WHAS11 and the Center for Women and Families are teaming up for a new challenge. [WHAS11]

Lexington could be poised to become the second city in Kentucky to increase the minimum wage. [H-L]

The attorney for the woman at the center of Louisville basketball’s recruitment sex scandal answered questions on local radio. [WLKY]

Tuberculosis has joined HIV/AIDS as the top infectious disease killer on the planet, the World Health Organization announced Wednesday. [HuffPo]

The downtown bridge project is one step closer to being completed. The bridge is officially connected from river bank to river bank across the Ohio. [WAVE3]

A group of nearly 40 representatives, from the Congressional Black, Hispanic, and Asian Pacific American Caucuses, wrote to Attorney General Loretta Lynch Wednesday morning, requesting that the Department of Justice do more to address gun violence in minority communities across the country. [Mother Jones]

The Louisville Water Company has finished the phase-out of two hazardous chemicals that were stored at both of the company’s water treatment plants. [WFPL]

A panel of medical experts said on Friday the prices of prescription medicines in the United States need to be brought in line with the value they bring to patients instead of continuing to let drugmakers set any price they choose. [Reuters]

The U.S. Department of Justice says AB Electrolux is stonewalling it in its fight over the GE Appliances merger, according to a report by legal site Law360. [Business First]

Construction on the renovated Jeffersonville marina — now called Fisherman’s Wharf — is complete, according to an announcement. [News & Tribune]

UofL Had Another Horrible News Week

Hillerich & Bradsby Co. is asking a judge to resolve a dispute over the value of more than 2,000 shares that were returned by stockholders who opposed the sale of the Louisville Slugger brand. [WDRB]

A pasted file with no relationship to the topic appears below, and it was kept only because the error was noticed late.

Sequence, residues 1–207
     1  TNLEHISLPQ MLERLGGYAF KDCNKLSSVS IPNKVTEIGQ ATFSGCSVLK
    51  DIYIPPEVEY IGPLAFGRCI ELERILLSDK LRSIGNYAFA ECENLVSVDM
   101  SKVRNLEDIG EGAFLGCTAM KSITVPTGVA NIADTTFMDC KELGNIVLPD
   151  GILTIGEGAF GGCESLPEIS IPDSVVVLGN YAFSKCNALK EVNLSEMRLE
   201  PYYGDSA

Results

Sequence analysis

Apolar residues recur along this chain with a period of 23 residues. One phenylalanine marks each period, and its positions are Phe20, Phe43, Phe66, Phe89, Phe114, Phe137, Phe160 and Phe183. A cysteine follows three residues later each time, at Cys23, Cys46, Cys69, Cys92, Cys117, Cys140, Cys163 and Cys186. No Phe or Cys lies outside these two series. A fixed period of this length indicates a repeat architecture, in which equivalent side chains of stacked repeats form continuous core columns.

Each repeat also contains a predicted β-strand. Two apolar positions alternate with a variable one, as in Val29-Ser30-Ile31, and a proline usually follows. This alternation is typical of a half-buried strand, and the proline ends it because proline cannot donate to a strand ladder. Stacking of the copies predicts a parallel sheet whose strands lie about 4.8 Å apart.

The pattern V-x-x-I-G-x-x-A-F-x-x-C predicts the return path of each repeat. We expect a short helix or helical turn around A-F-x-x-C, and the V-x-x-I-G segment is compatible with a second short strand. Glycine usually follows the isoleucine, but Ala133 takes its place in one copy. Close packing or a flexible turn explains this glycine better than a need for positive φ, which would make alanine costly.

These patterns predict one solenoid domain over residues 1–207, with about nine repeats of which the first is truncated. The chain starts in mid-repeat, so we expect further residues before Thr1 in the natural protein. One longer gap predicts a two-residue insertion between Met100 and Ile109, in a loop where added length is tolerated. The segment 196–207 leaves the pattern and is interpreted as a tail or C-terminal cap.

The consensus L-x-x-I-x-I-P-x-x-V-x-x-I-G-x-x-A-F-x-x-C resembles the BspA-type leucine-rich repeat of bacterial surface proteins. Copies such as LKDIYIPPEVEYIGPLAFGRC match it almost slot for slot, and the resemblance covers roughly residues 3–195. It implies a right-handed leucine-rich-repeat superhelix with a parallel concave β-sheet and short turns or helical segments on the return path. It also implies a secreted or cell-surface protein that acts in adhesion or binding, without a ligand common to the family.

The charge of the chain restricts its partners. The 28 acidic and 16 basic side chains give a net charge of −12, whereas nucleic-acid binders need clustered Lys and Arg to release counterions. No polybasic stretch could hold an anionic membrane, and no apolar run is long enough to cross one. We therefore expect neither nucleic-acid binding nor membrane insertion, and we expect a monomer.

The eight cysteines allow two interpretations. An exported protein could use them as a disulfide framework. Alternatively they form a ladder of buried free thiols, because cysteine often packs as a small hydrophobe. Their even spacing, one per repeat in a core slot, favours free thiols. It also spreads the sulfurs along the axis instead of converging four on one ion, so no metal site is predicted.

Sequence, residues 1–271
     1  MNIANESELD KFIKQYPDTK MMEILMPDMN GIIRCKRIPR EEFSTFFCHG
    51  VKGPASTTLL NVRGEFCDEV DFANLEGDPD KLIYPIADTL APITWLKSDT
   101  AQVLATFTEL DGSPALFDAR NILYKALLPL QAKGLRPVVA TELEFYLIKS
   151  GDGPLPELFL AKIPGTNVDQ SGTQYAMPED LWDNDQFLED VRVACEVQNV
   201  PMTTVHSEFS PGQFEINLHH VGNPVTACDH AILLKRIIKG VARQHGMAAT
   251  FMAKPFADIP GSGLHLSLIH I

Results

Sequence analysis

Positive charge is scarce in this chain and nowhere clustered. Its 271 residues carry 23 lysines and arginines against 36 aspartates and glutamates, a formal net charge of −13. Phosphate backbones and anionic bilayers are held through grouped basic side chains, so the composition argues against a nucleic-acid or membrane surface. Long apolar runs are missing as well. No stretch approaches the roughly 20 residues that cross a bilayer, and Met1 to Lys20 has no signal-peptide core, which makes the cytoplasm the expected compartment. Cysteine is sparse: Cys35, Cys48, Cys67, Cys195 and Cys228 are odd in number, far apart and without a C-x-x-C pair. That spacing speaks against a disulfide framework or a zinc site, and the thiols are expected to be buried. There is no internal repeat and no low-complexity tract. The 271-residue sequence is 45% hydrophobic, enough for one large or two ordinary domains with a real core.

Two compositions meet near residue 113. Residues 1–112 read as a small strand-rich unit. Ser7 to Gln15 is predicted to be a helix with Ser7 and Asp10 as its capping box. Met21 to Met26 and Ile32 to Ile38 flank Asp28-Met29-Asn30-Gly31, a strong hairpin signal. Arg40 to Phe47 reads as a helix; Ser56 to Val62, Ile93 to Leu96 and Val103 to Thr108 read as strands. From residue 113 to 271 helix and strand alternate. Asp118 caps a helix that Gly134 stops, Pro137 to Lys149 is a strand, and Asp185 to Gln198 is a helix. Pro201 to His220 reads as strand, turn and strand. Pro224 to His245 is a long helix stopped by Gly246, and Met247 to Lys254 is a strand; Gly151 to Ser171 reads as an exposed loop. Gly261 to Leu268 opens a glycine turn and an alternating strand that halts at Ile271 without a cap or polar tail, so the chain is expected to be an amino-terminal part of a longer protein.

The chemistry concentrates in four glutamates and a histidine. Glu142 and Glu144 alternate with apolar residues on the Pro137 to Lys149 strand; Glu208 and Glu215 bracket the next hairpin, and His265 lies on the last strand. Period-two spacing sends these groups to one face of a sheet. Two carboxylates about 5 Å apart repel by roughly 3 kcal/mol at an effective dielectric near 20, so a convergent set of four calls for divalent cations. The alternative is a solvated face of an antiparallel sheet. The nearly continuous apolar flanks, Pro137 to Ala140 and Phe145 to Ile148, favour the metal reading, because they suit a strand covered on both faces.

The University of Louisville Foundation voted Thursday to decline booster J.D. Nichols’ offer to use part of his $10 million gift pledged to the school to pay off past bonuses for President James Ramsey and other top administrators. [C-J/AKN]

The West Louisville Minister’s Coalition is demanding an answer from Attorney General Jack Conway about whether or not Governor Steve Beshear acted legally when he did not appoint an African American to the University of Louisville board. [WHAS11]

In his address to Congress, Pope Francis praised the American Thomas Merton as “a source of spiritual inspiration and a guide for many people.” [H-L]

WARNING! RIDICULOUS AUTOPLAY VIDEO! Metro Louisville is partnering with a popular app to help drivers avoid traffic. [WLKY]

Americans like to think of our country as a nation of immigrants and a nation of religions, but repeatedly we have failed to live up to our ideals, banishing fellow citizens from the American family because of their ethnicities or religious commitments. [HuffPo]

You dial those three numbers, 311, to report problems to Louisville Metro Government. But how often is the city picking up the phone? Records show thousands of calls for service go unanswered every month. [WAVE3]

When Kentucky Republicans last agreed to conduct a caucus to choose their presidential preference some said it would draw more candidates than just favorite son, Republican U.S. Sen. Rand Paul. [Ronnie Ellis]

Josh White doesn’t like the look of Louisville these days. “It looks gritty,” he said. “I don’t want it to look gritty.” [WFPL]

Growth in the U.S. manufacturing sector showed no month-over-month change during September, staying at August’s sluggish pace which was the weakest in almost two years, according to an industry report released on Wednesday. [Reuters]

Norton Women’s and Kosair Children’s Hospital in St. Matthews has opened a new pediatric emergency department. [Business First]

With full bellies, Jeffersonville residents got a taste for their city candidates’ views Tuesday night during the Jeffersonville Fraternal Order of Police No. 100’s Meet the Candidates Steak Dinner. [News & Tribune]